Obama is keeping all his options open by assembling the best possible team to negotiate with Iran or to convince the world that war is sadly necessary, according to Hussein Ibish.
The constellation of new national security/foreign policy appointees coalescing around President Barack Obama for his second term bears all the hallmarks of an overriding priority issue: Iran. Obama has assembled a team perfectly positioned to present itself to Iran as offering the best deal possible. Failing that, it is also the ideal group to convince the American public that—should negotiations fail and the administration decide to take some form of military action—these are precisely the policymakers who can be relied upon to have done so only as a last resort and because there are no other options.
…Whatever the final makeup of his new national security team—which will certainly eventually have to include some women such as Susan Rice or Michele Flournoy—it will be based around the Kerry/Hagel/Brennan nexus. The message to Tehran is clear: Whatever you are offered by this group is the best deal you’re likely to get.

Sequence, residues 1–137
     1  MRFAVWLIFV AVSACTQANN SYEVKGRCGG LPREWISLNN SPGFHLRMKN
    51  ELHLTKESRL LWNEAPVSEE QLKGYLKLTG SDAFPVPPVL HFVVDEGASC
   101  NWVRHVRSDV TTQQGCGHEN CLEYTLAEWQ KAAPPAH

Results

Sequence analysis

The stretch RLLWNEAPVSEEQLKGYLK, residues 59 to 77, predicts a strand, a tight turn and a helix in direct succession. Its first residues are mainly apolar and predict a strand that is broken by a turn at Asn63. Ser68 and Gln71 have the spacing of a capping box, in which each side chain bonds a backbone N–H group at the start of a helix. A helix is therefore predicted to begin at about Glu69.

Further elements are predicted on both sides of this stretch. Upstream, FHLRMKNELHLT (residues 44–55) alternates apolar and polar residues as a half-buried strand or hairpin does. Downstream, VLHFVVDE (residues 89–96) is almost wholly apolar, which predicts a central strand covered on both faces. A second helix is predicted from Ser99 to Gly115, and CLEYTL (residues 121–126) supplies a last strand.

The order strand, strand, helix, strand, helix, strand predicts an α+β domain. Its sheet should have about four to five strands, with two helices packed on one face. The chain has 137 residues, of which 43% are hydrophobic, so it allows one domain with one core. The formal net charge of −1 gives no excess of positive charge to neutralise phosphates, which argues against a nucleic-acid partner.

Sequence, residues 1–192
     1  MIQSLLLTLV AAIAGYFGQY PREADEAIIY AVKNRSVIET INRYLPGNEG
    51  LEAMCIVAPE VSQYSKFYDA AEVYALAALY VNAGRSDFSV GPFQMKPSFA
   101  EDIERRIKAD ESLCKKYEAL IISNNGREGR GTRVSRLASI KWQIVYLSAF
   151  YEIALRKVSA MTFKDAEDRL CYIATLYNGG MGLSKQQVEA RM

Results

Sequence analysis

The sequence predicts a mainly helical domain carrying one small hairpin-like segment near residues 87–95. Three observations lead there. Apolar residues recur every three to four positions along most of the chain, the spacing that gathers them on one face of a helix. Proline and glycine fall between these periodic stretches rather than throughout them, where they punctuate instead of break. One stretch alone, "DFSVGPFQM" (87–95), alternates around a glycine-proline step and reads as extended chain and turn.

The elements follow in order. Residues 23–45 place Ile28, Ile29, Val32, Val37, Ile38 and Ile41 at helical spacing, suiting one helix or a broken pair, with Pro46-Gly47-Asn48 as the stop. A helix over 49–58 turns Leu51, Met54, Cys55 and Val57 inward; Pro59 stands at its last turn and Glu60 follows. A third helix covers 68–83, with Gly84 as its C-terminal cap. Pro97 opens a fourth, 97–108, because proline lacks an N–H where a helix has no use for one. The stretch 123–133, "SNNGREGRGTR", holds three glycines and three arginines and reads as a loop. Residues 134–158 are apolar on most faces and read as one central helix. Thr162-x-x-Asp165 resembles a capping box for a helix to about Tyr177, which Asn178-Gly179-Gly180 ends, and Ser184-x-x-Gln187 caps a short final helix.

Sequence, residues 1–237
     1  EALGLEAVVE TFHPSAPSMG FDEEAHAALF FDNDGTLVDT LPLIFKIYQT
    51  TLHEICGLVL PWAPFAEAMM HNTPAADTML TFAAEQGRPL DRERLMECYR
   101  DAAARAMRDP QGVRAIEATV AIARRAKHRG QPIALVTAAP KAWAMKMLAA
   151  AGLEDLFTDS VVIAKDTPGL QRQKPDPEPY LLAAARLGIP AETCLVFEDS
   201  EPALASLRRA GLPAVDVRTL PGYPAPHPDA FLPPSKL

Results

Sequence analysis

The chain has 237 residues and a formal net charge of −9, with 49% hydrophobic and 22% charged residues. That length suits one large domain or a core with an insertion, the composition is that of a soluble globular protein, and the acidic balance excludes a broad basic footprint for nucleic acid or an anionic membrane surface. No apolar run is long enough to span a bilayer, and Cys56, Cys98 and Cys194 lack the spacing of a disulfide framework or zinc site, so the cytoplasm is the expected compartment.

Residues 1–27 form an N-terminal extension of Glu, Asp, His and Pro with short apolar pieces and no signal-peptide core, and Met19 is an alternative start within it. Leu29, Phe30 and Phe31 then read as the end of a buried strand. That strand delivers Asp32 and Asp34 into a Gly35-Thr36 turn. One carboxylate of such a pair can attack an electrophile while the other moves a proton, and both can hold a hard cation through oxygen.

…But the administration remains committed to the broadest outlines of its continuously repeated position that Iran will not be allowed to possess a nuclear weapon. Recently Hagel has reportedly joined Obama in reiterating that the military option is by no means off the table. And the message to both Tel Aviv and Tehran is that it isn’t Israel that’s going to be taking action if necessary, it will be the United States.
Should it come to that—and given the administration’s stated positions this is an entirely plausible scenario—the American people and the rest of the world will then be told that military action against Iran is being undertaken by the last group of people who would do so recklessly or avoidably. They are presented as informed and sophisticated realists, non-interventionists, battle-weary war skeptics and advocates of diplomacy, agreements and alliances. In the American political spectrum they have been packaged and marketed as, in effect, the “anti-neoconservatives.” As New York Times columnist Nick Kristof anticipated the argument, “How refreshing to imagine decisions about war made by brave doves rather than by chicken hawks.” Obama’s new defense/foreign policy team is an Iran cabinet, assembled to decide and act on war or peace over the nuclear file. Tehran should understand this as both the unparalleled opportunity and significant threat that it is.
Good stuff. Read the whole thing.